At Microsoft’s X019 fan event the company had a slew of announcements. From the likes of Sega and Square Enix supporting efforts like Xbox Game Pass to Halo: Reach getting a PC release date, there was something for everyone. Even for those of us in fringe markets for the Redmond-based tech giant like India. One of the more interesting announcements of X019 was that Project xCloud, Microsoft’s cloud gaming service, is slated for a 2020 release date in India.
In fact, India was name dropped during the announcement along with a host of other countries getting Project xCloud. While some may think this could be a turning point for gaming in the country. That’s far from the case.
The Xbox brand is non-existent in India
Despite a flashy launch backed up by high-profile advertising, the Xbox One never really caught on in India, playing third fiddle in the nation to the point where Nintendo Switch sales have outpaced the Xbox One, industry insiders speaking to The Mako Reactor confirm. Tremendous when you consider that the Xbox One had a three year head-start and superior distribution along with Microsoft having an official presence in the country versus well, the Nintendo Switch largely being sold through grey and parallel channels.
What’s more is big first-party exclusives like Forza Horizon 4 and Gears 5 were launched here quietly with little fanfare. Third-party games from Sega, Konami, Capcom, and indies like Variable State (whose next title Last Stop was announced at X019) didn’t have a release in India be it digitally via the Xbox Store or even at local retail. Even Fortnite wasn’t available on the Xbox One in India until earlier this year.
India is a mobile market where payments are a problem
Efforts like Project xCloud live and die by their reach. And in Project xCloud’s case, a large part of it will be driven by mobile usage. The problem is, Project xCloud doesn’t exist in a vacuum. Indian users have access to free high quality games such as Call of Duty: Mobile and PUBG Mobile, as well as the likes of Garena’s Free Fire to name a few. A cursory check on India’s most popular mobile games suggests a market that sticks to a few favourites over longer periods of time.
Will Project xCloud do enough to break that stranglehold remains to be seen though it’s an uphill task. And that’s before considering that getting Indians to pay for games is an even bigger battle. Sure, you could point to PUBG Mobile revenue figures but when they’re built on the back of deep discounts and promotions aplenty, you have to wonder how sustainable this entire endeavour is to begin with.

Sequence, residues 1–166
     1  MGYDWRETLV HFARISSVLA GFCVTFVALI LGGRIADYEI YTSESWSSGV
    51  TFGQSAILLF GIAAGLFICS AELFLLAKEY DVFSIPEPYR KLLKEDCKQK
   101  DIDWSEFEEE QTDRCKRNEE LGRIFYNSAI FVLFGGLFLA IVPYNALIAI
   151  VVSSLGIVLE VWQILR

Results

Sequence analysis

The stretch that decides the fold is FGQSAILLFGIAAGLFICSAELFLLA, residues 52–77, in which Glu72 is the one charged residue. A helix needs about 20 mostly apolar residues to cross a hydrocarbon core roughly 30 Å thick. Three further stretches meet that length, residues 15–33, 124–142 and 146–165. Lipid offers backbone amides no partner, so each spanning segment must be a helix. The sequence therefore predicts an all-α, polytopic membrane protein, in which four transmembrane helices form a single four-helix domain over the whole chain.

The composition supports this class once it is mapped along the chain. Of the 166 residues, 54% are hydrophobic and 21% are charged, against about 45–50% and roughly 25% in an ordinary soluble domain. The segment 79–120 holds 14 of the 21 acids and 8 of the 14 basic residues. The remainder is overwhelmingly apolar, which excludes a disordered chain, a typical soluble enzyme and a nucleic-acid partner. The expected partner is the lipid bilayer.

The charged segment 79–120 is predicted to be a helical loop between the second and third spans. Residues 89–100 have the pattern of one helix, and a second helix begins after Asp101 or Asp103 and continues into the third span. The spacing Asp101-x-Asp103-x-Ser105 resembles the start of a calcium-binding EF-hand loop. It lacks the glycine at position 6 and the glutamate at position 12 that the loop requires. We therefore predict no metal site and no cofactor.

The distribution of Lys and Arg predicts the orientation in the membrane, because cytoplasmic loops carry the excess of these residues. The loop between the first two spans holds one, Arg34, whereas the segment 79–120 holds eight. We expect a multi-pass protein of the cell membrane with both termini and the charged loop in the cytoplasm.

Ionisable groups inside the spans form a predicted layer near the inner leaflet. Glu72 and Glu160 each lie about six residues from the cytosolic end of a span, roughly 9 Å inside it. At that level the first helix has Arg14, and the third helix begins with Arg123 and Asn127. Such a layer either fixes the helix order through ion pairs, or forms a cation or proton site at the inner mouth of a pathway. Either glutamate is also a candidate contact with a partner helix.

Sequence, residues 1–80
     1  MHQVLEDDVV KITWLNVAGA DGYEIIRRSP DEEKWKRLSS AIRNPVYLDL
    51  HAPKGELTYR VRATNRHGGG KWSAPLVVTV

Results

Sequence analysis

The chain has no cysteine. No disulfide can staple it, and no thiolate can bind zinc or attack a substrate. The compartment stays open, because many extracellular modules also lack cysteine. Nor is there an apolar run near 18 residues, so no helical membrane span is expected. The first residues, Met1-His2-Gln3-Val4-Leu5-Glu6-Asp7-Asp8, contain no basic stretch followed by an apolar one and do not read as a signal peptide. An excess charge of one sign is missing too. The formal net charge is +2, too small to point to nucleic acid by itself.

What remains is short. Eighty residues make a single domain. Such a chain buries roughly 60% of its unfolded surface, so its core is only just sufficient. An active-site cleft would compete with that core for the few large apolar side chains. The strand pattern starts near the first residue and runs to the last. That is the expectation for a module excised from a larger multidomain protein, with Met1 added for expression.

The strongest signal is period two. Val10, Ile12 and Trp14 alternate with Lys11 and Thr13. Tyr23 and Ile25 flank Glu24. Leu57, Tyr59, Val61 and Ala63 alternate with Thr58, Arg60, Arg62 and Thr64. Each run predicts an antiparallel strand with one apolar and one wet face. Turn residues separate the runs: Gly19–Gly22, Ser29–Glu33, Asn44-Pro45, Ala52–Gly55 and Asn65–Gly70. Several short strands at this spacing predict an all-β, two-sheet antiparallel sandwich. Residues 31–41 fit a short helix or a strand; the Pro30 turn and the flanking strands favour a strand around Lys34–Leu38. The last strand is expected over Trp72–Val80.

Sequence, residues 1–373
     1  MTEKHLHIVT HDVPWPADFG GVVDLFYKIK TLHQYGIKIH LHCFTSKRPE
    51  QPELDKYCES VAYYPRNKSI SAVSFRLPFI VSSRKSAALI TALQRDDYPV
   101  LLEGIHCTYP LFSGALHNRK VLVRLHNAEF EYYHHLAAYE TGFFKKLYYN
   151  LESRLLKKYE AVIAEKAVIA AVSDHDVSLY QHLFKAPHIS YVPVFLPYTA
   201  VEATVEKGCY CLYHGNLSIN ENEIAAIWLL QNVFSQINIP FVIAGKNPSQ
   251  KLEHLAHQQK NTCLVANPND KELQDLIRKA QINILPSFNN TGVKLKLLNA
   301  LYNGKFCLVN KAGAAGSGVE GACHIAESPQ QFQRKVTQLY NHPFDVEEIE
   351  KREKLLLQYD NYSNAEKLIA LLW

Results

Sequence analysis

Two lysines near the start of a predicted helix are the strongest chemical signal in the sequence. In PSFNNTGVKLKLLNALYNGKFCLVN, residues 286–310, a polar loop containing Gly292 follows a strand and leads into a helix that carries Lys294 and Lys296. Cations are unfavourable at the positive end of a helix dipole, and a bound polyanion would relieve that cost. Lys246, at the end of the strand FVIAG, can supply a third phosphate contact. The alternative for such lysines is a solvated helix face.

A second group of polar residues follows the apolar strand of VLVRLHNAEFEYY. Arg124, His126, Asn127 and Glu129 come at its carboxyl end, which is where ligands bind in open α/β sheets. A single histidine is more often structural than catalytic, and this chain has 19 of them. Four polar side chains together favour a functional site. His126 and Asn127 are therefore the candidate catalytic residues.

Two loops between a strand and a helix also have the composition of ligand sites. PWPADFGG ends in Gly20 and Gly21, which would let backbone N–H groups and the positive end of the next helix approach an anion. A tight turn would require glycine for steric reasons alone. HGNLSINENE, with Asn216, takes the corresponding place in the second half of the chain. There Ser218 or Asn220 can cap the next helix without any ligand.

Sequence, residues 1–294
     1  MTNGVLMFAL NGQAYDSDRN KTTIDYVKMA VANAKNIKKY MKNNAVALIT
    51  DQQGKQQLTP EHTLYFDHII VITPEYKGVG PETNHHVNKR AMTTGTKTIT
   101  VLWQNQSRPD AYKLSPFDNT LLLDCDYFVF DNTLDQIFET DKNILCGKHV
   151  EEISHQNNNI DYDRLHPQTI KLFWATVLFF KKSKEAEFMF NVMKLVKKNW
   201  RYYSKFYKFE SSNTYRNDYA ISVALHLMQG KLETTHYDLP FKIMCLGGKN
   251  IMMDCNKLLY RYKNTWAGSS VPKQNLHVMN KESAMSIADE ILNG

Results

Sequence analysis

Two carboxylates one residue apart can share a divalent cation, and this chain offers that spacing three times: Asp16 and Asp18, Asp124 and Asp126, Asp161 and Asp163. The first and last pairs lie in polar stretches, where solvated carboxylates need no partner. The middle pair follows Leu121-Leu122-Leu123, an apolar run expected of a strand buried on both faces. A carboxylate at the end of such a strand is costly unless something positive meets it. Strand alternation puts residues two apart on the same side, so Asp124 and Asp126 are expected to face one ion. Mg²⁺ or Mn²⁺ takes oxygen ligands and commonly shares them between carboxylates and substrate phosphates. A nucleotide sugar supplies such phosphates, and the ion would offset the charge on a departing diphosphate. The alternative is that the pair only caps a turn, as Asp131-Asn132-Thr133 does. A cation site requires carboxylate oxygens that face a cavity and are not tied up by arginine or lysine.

Even Xbox Game Pass which has seen some traction regarding initial sign-ups (thanks to being bundled with Microsoft hardware) isn’t managed in a fashion that results in user retention due to the sheer lack of debit and credit card penetration in the country.
Heck, even Steam and the PS Store have cash on delivery options while Google allows for your Google Play purchases to be billed to your carrier as well as bringing in gift cards. Granted the results of some of these are mixed, but with 400 million smartphone users, more options are better. Not less. Traditionally, Microsoft has stayed away from all of these ways to pay in India, making it a tougher scenario.
How you expect to sell an entire country onto Project xCloud when related products and services launch with minimal effort and care and sometimes, not launch at all with the right payment options is ridiculous.
Scaling Xbox One games across Android devices isn’t easy
It’s pretty obvious that it’s not the Xbox One India install base, rather the sheer number of mobile users in India that have driven Microsoft’s decision to launch Project xCloud in the country. However, there are some practical hurdles to overcome which Project xCloud’s product offering doesn’t seem to answer in its current state. For one, how would xCloud games scale across a huge variety of smartphone screens and specifications?
One could point to the vast amount of device data the company has across its other products like Microsoft Office, SMS Organizer, and OneDrive, though it’ll be interesting to see how rough the experience at launch would be in terms of scaling of UI elements in games on screens infinitely smaller than they were designed for.
Project xCloud data caps and latency concerns
How would Microsoft solve hurdles like data caps and latency? Microsoft could partner with local telcos in a fashion that Indiagames and Nazara did for erstwhile subscription services like Games on Demand and Nazara Games Club. How it worked was: signing up for either service waived any data charges incurred while using them (disclosure: I’ve worked on Games on Demand in the past).
While this could alleviate some pain points, I’m not too sure it would be well received in a market where users are now vocal about net neutrality violations. It doesn’t help matters that the telco industry is in the process of being derailed with Vodafone Idea, as well as Airtel, posting recording losses due to a Supreme Court order forcing them to keep license fees and spectrum usage charges aside for the Indian government.
Sure, Microsoft could partner with Reliance Jio for Project xCloud given their existing working relationship, but considering that Jio’s gaming divisions have little to show for their efforts and it raises questions on how Project xCloud could be executed in a smooth manner in India on that network. That’s not to say it would be a walk in the park with operators, they’re just as culpable as are ISPs.
So while Project xCloud may provide value to some, it may end up being just as niche as the Xbox One in India. Like most services in the country, a lot of it hinges on execution and Microsoft has proven time and over again that it’s far from up to the task.
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